Like other countries of the East, the Japanese take off their shoes before entering houses, dwellings, apartments, condo’s, etc. When I first got to Japan it was awkward at first to take off my shoes, because I had shoes with laces and it was mendoukusai (tedious) when I left to tie my shoes up again after just un-tying them when I arrived. I followed the custom at first only because every one else was doing it. Yes! This was one of those times that if the whole Japanese country were going to jump off the cliff I was going to jump too. *When in Rome, Do as the Romans Do!* There were places I thought were abnormal for taking off my shoes like kindergartens, eating establishments, bowling alleys, karaoke rooms, lots of weird places you wouldn’t even think of taking your shoes off at in America, even the bathroom at bars and weirder places yet.
I had one friend who was so particular about this custom, he would insist on me taking off my shoes before getting into his car. I was obliged to follow the tradition. *When in Rome Do as the Romans Do!* This friend was a little more gung-ho than your average Akira, but it shows you just how far this tradition extends itself into everyday life. He was a little overly devout or passionate about keeping his car clean but at the same time did it for other beneficial, even religious type reasons which we will explore in the coming paragraphs.
Why do the Japanese take off their shoes before entering a home or other things including cars? Why is it considered rude to stand on a chair, or a table or a sofa or seat etc. with your shoes on? In this lense I am going to share my experiences with the custom of taking off your shoes before entering a house and the traditions of the genkan (place where you place your shoes before stepping into a house.) And we will talk a little bit about the way the genkan has been extended in use in modern Japanese society. We are going to try to answer the reasons behind this strange custom and why this genkan thing exists. Also after relaying as much as I can about this custom, we will continue our JPPGG© or Japanese plug and play ghetto grammar sessions so that you will add one more grammar principle to your growing list of Japanese language weapons.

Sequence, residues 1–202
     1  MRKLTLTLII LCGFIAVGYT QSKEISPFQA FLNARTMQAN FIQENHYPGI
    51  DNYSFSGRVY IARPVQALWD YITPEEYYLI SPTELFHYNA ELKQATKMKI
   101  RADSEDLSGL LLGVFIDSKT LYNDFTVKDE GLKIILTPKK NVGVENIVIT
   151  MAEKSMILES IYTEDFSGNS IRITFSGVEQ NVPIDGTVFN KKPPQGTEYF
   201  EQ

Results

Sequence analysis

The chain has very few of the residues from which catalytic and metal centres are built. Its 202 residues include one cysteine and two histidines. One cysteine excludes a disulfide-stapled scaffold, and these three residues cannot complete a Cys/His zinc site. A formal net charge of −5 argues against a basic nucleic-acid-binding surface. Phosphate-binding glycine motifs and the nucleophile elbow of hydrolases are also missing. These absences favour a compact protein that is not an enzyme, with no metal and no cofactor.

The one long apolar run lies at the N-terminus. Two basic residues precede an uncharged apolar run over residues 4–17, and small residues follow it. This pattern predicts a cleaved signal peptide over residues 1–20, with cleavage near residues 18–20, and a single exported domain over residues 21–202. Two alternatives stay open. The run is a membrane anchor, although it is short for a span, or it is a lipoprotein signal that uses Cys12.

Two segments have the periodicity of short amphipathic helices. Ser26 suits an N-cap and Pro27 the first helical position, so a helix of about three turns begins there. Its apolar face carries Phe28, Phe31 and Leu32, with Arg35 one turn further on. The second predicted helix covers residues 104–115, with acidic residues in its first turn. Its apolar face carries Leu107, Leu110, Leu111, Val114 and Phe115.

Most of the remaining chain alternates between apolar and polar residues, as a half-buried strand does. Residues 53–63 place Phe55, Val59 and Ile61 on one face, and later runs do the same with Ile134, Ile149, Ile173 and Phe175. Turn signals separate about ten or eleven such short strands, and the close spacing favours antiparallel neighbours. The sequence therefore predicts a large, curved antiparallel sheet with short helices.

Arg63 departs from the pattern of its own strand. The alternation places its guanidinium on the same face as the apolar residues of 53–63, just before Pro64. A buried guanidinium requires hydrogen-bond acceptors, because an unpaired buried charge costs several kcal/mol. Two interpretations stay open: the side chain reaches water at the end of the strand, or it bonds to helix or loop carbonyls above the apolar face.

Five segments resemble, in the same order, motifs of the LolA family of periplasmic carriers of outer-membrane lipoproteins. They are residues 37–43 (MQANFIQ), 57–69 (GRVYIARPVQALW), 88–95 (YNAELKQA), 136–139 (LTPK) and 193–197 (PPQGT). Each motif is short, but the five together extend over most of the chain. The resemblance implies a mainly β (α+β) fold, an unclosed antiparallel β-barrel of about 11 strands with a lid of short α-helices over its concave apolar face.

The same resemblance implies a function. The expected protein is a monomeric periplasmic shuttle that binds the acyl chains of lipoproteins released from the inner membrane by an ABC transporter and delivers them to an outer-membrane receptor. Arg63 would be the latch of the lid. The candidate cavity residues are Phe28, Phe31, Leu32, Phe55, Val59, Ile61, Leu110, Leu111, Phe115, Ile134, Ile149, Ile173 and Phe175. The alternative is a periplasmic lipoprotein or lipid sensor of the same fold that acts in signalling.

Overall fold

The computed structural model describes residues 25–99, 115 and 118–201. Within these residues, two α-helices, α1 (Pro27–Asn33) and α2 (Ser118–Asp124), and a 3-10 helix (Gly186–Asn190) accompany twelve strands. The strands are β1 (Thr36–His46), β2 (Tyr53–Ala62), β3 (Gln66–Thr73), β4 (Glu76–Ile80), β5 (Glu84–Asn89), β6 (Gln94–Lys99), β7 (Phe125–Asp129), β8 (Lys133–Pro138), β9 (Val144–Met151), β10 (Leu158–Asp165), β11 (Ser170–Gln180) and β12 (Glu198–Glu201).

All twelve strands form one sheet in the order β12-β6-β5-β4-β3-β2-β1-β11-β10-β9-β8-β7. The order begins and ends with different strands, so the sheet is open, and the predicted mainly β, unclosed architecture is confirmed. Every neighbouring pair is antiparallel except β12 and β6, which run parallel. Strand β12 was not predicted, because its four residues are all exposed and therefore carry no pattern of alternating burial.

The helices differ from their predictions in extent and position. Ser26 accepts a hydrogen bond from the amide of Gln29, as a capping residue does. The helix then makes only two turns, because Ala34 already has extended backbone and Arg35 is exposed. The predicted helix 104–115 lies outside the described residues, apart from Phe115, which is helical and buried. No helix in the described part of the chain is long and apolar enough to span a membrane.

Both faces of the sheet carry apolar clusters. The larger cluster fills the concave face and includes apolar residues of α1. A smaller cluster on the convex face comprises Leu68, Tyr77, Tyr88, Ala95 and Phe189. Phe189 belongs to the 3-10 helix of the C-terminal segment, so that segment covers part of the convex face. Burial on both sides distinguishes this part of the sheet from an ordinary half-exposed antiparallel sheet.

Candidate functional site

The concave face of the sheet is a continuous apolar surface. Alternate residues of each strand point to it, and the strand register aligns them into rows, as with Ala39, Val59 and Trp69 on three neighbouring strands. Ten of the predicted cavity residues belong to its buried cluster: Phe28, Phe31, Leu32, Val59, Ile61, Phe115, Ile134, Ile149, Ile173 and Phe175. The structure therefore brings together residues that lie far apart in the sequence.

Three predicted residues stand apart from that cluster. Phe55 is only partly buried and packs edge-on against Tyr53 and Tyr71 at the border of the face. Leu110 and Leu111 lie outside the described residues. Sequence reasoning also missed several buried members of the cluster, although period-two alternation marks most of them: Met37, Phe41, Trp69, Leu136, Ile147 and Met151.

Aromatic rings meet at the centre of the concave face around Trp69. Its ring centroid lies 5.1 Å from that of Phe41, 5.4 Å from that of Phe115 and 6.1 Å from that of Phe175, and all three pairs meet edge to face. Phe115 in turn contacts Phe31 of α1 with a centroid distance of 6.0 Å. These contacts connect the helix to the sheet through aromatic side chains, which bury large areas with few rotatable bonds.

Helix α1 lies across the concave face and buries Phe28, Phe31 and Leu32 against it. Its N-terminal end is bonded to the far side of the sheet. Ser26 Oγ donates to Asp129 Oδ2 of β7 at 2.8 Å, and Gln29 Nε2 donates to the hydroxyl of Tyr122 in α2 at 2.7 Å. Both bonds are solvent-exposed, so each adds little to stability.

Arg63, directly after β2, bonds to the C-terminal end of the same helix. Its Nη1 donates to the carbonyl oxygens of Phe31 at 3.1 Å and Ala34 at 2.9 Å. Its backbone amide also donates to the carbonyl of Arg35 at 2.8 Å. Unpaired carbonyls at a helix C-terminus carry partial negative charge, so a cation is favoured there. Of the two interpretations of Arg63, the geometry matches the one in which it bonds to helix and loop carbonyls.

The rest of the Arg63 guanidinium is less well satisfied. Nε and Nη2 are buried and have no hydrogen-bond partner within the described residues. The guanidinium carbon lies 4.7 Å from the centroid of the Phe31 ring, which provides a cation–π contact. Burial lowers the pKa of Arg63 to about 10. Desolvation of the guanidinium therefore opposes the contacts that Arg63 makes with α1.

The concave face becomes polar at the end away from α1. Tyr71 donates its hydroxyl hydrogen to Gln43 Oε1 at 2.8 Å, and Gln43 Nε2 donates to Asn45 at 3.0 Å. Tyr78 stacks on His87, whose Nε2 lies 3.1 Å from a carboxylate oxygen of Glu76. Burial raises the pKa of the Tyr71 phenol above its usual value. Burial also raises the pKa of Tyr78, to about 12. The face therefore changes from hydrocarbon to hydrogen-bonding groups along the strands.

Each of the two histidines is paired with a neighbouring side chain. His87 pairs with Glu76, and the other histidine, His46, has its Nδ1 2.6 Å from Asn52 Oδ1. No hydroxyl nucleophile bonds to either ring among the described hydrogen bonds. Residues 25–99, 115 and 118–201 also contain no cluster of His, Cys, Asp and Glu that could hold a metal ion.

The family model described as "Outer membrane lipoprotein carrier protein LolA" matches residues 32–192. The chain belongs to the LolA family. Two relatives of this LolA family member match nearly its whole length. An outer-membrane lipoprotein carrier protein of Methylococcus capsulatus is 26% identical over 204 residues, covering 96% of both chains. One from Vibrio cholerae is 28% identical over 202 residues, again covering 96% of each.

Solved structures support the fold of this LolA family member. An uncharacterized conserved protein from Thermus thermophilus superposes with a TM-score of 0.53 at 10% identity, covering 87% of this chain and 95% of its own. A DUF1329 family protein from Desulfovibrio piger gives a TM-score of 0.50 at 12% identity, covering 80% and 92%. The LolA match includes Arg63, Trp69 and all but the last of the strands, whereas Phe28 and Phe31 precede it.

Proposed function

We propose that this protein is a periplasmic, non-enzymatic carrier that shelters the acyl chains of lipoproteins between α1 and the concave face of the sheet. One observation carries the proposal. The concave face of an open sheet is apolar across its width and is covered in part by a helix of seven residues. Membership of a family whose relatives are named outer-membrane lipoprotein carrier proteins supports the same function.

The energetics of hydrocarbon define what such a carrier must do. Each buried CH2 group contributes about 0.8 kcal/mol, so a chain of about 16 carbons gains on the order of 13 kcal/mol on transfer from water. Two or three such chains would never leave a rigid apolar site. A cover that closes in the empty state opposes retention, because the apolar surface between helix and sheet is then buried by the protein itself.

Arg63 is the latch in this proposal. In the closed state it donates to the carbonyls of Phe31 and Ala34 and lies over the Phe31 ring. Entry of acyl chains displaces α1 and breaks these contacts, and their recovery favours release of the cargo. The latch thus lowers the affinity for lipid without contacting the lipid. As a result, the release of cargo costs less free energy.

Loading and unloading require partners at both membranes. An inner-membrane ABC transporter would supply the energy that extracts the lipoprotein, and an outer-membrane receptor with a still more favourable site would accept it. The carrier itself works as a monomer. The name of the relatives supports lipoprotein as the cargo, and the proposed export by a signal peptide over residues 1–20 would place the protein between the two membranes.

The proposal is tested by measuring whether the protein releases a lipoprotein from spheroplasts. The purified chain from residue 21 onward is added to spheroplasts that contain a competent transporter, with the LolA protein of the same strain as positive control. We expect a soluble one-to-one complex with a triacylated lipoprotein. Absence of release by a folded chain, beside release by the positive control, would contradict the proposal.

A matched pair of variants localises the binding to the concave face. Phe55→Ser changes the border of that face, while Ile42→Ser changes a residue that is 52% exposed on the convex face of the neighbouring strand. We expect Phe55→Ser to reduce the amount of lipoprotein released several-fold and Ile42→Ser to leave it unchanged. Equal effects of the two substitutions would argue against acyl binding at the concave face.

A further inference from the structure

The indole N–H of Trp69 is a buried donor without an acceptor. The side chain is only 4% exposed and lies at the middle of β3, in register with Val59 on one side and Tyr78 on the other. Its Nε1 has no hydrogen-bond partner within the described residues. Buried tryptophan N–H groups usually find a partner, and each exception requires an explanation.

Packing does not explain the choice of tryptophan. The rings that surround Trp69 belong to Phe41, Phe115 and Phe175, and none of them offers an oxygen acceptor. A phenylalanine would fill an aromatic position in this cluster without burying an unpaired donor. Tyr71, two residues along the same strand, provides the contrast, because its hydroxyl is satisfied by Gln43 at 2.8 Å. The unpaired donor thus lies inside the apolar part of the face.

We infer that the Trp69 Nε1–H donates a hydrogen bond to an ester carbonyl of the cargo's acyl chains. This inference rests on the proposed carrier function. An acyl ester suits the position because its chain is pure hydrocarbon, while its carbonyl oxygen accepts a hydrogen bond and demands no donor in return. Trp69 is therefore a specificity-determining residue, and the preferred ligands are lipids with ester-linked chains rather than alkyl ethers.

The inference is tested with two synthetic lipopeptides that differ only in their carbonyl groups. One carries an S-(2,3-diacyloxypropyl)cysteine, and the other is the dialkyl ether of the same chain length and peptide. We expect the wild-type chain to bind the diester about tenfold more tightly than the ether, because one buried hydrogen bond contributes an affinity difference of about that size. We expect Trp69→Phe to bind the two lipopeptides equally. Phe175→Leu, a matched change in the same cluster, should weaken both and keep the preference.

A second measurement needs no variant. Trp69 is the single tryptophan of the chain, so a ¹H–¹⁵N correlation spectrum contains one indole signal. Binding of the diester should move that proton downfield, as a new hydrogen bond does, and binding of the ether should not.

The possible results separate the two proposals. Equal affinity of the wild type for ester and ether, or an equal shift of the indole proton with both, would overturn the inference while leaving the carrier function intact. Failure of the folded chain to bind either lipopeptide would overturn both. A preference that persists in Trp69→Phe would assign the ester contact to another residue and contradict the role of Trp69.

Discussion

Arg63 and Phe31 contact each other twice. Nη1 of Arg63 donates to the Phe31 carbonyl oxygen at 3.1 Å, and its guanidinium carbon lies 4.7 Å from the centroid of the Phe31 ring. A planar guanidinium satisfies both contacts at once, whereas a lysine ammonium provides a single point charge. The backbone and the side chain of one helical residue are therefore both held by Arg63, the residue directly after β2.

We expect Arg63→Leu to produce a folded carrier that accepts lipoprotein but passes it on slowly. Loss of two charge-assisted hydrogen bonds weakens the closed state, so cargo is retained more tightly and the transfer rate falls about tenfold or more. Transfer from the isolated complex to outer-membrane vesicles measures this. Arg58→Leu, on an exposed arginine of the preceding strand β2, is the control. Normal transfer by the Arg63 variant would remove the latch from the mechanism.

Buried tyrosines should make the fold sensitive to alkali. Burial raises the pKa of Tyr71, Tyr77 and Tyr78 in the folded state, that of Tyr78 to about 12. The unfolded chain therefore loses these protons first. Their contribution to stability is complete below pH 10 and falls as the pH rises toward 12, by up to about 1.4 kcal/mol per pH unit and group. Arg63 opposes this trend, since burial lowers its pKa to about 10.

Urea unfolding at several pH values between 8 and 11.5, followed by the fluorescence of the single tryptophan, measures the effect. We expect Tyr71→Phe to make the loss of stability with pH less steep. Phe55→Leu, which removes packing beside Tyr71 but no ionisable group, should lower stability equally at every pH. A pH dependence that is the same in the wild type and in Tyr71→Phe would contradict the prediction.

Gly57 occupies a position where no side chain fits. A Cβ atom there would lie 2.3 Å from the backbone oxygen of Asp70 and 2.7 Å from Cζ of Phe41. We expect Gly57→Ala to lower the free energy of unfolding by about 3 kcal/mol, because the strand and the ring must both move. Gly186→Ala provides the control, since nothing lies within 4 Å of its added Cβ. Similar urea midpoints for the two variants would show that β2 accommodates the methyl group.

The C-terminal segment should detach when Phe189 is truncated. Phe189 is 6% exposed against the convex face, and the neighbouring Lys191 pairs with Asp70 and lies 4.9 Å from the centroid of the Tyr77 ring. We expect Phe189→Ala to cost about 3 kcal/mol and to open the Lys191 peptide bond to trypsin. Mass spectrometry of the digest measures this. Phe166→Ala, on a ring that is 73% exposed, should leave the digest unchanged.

I’m not prejudice nor am I generalizing that all Americans have stinky feet, but, I know that even my feet have a tendency to get stinky when I sweat, run or wear keep my shoes on for too long to wear my shoes everywhere and anywhere in any situation at all times, even to bed, even jumping on the bed, even standing on chairs, cars, wherever on whatever, it didn’t matter. I, being an American having no background in Japanese customs and not having any tradition similar to taking my shoes off before entering the house, I felt quite comfortable doing as I always had done. It wasn’t until I saw the expression of horror, surprise and shear shock of my Japanese friend that I ever began to take seriously the Japanese tradition of taking off my shoes before entering places. I saw on a man’s face as I simply stood upon a chair to change a light bulb, mind you, I had my shoes on, but he gasped in horror and made me instantly get down from the chair. What on Earth could I have possibly done to make him gasp in horror? All I did was stand on a chair and was attempting to change a light bulb. I thought so what gives